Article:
For Immediate Release, June 28, 2019
Kendall Dix, Healthy Gulf, 504-525-1528 x 205, firstname.lastname@example.org
Federal Court Rules Formosa Plastics Is Liable for Plastic Pollution in Texas
Formosa Proposes Even Bigger Plastics Plant in Louisiana
VICTORIA, Texas— A federal judge in Texas on Thursday found Formosa Plastics liable for polluting Texas waterways with billions of plastic pellets from its plant in Point Comfort. The Taiwanese company is currently seeking permits to build an even larger plastic-making plant along the Mississippi River in St. James Parish, La., a project strongly opposed by local residents and national conservation groups.
Former shrimper Diane Wilson from Texas and the San Antonio Bay Estuarine Waterkeeper sued Formosa after extensively documenting the plastic pellets and powders the company discharged for years into Cox Creek, Lavaca Bay and other nearby waterways. The trial now moves into the remedy and penalty phase, with Formosa facing fines of up to $184 million.
Rise St. James, Healthy Gulf, the Center for Biological Diversity and other groups fighting Formosa’s St. James Parish project attended the opening of the trial in March and saw the plastic pollution that still permeates the waters around Formosa’s Point Comfort, Texas plant. They fear Formosa will pollute the Mississippi River, Gulf of Mexico, and region around St. James Parish with plastic and other toxic air and water pollutants.
“Formosa Plastics needs to be held accountable for polluting Texas, not invited to the do the same thing in our community,” said Sharon Lavigne, director of Rise St. James. “We’re already suffering from too much industrial pollution, my kids and grandkids are suffering, and now they want to put more on us. We can’t let that happen.”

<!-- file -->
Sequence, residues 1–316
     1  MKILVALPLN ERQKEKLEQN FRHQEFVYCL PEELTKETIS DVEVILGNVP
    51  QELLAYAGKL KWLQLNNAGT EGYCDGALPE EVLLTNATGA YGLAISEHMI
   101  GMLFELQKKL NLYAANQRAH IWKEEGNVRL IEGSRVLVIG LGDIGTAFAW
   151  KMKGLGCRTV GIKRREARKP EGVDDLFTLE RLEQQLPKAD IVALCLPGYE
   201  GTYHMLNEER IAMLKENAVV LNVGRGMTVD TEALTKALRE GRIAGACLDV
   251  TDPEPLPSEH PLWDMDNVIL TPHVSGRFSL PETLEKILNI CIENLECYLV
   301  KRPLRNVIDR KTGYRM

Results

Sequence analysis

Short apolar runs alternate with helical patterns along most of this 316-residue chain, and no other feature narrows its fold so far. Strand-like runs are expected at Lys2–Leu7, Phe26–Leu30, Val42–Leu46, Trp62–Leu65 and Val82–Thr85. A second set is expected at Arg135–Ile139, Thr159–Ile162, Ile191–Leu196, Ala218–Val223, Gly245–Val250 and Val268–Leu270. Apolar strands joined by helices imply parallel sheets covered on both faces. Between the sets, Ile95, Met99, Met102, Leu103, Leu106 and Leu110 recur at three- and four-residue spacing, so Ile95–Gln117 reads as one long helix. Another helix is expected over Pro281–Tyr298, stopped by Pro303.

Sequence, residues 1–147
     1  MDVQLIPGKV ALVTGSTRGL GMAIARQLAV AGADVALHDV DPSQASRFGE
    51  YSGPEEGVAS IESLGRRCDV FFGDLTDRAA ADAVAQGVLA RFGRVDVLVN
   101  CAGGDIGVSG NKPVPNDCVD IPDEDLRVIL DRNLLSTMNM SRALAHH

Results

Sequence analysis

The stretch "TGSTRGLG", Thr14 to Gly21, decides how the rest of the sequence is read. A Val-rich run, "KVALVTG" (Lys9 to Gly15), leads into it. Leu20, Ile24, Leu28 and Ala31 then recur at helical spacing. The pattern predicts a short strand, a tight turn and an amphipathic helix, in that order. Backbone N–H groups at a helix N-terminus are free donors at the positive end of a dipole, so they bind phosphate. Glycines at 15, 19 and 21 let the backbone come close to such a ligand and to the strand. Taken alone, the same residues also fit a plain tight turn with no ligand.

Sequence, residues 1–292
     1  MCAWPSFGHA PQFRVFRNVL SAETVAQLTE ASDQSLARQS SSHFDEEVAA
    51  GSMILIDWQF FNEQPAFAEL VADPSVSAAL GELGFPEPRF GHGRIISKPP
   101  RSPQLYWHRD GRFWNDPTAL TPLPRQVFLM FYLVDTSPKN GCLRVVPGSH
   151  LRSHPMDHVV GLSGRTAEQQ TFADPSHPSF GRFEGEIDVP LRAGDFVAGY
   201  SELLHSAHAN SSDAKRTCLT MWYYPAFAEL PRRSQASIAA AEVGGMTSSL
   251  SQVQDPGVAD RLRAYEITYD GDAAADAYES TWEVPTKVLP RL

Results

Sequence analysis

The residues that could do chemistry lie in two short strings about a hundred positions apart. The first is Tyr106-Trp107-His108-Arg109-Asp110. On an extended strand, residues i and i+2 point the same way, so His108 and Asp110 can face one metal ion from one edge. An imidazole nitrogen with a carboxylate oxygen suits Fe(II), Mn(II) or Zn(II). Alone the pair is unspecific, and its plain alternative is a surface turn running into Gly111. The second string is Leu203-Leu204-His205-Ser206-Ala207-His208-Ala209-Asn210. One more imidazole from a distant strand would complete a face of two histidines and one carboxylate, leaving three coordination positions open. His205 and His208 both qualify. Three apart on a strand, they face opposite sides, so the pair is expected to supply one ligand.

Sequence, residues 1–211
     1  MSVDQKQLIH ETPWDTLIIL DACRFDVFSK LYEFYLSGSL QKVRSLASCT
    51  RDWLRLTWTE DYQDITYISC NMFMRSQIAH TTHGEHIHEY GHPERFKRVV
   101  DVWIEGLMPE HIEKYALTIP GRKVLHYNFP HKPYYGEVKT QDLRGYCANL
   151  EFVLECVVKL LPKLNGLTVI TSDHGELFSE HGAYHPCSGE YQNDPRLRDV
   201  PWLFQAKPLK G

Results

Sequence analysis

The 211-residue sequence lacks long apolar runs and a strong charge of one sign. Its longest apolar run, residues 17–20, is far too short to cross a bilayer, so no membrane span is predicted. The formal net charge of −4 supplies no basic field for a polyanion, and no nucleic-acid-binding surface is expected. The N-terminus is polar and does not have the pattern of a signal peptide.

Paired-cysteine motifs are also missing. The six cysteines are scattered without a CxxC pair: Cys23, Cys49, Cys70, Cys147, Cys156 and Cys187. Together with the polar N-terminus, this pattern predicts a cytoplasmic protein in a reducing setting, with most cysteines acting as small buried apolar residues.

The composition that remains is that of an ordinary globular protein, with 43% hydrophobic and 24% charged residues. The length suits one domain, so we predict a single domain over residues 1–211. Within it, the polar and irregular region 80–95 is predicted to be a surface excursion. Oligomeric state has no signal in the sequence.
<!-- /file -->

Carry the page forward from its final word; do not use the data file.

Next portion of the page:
St. James Parish approved the Formosa project in December, and the Louisiana Department of Environmental Quality will hold a July 9 hearing on the project’s air-pollution permit and will later consider its wastewater permit. The proposed plant would discharge plastic waste and toxic pollutants such as benzene and polycyclic aromatic hydrocarbons into the Mississippi River and surrounding waterways.
“This ruling is a warning about the danger plastic production poses to our communities and oceans and the lengths to which these companies will go to avoid responsibility for their pollution. What Formosa Plastics did to Texas, it will also do to Louisiana if we don’t stop it,” said Julie Teel Simmonds, an attorney with the Center. “The Texas court concluded that Formosa is a ‘serial offender’ with ‘extensive, historical and repetitive’ releases of plastic from its facility that it failed to report and that the state has been unable to bring under control. That’s a chilling prospect for any community asked to welcome the next Formosa plastics facility and anyone concerned about the ocean plastic pollution crisis.”
The Center and other groups oppose the fossil fuel industry’s plans to increase U.S. plastic production by 40 percent over the next decade. Formosa and other petrochemical companies are turning the oversupply of fracked natural gas in the United States into plastic for single-use plastic packaging and other throwaway consumer products.
In Louisiana opponents of the Formosa project decry its location adjacent to a low-income, predominantly African-American community that has suffered severe health effects from decades of exposure to industrial pollutants. St. James, St. John, and St. Charles parishes — known as Cancer Alley or Death Alley — have some of the highest levels of cancer-causing chemicals in the air and water of any area in the United States.
“This decision is yet another black eye for a company that has absolutely no regard for people and the environment,” said Kendall Dix, campaign organizer for Healthy Gulf. “The state of Louisiana is currently considering Formosa’s application for a massive chemical complex that would make it possibly the most carcinogenic polluter in the state. Louisiana is already internationally famous for its poor public health and environmental racism, and it’s time to start imagining a future where we’re not a dumping ground for the rest of the world.”
The Center for Biological Diversity is a national, nonprofit conservation organization with more than 1.4 million members and online activists dedicated to the protection of endangered species and wild places.